Welcome to LabBook, our weekly roundup of University of Chicago Medicine & Biological Sciences research news from around campus and the internet. Each Friday, LabBook will recap the week on the blog, link to news stories about our faculty and studies, and briefly summarize a handful of recent publications by our researchers.
LAST TWO WEEKS ON THE BLOG
Last week we wrote about how quick thinking by ER docs and the heroic efforts of our UCAN flight team saved a new mother who had an amniotic fluid embolism, a rare complication of childbirth where amniotic fluid gets into the bloodstream and causes massive internal bleeding.
On Thursday we spoke to Shalini Reddy about a survey she developed with a former resident showing that 62 percent of incoming premed students have already been exposed to direct marketing by pharmaceutical companies, including getting small gifts like pens and being invited to social functions.
This Wednesday we caught up with Cathy Pfister and Tim Wootton, who have spent the past 20 years studying marine life around tiny Tatoosh Island in Washington. They recently published a paper about some of their observations that makes an even stronger case for how increased carbon emissions in the atmosphere are changing our oceans.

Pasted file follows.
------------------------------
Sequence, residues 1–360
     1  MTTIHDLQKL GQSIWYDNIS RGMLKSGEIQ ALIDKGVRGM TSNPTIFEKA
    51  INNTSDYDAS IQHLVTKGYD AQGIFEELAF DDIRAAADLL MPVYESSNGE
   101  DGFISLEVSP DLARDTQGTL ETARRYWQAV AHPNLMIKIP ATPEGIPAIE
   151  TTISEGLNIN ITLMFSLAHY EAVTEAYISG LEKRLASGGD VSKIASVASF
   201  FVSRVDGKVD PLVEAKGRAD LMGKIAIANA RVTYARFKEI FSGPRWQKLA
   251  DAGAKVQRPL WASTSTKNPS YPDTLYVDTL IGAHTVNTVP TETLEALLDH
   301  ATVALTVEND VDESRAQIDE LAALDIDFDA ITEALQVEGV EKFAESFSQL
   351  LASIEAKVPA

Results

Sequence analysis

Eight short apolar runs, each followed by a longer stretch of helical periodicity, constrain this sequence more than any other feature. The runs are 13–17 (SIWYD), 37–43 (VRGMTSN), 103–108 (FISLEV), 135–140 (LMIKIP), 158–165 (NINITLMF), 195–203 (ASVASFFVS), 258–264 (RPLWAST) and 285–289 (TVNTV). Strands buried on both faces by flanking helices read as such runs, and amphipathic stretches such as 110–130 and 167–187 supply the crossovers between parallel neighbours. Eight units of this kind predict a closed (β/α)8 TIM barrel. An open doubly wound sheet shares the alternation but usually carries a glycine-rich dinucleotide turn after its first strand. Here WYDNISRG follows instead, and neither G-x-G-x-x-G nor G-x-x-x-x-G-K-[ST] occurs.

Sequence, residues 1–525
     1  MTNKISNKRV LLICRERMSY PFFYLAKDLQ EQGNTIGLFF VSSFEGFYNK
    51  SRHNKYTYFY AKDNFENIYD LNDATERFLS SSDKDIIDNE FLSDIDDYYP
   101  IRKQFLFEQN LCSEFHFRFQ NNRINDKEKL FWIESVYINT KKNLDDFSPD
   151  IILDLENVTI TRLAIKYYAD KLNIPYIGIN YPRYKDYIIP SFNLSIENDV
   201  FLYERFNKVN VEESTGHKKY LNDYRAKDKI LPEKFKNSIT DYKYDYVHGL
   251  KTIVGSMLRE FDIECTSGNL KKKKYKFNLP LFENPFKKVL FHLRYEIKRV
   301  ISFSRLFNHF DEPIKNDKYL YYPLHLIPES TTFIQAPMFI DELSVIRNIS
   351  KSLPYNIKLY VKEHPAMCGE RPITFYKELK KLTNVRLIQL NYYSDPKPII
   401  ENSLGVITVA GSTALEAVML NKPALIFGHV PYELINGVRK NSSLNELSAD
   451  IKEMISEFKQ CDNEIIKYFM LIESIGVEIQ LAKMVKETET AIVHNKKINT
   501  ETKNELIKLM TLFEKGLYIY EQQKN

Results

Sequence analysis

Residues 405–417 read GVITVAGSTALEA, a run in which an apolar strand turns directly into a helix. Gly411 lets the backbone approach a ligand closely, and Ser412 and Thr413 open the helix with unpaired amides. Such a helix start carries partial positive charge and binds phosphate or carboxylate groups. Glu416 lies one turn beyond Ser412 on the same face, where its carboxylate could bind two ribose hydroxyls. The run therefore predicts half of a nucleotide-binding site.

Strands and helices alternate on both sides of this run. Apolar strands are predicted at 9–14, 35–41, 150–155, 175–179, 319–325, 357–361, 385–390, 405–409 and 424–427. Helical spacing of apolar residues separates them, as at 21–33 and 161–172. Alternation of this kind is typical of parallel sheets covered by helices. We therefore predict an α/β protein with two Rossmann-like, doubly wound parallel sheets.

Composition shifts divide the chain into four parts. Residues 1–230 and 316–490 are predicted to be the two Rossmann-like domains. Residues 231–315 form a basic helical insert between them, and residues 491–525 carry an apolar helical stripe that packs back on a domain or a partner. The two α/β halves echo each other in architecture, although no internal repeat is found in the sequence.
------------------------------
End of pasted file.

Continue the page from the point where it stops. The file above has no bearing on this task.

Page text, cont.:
RESEARCH IN THE NEWS
Donald Jensen, director of our Center for Liver Diseases, was interviewed by the Chicago Tribune about advances in hepatitis C treatments. New therapies have come far enough that he’s now comfortable using the word “cure.”
The Improving Diabetes Care and Outcomes on the South Side of Chicago project, created by Marshall Chin and Monica Peek, is already having a big impact addressing disparities in access to preventative care for type 2 diabetes. The program was covered this week by the Northwest Indiana Times.
Finally, Stefano Guandalini, medical director of our Celiac Disease Center, was featured in the New York Times in an article about the challenge of diagnosing gluten sensitivity, where a person can’t tolerate gluten but doesn’t have the traditional hallmarks of celiac disease.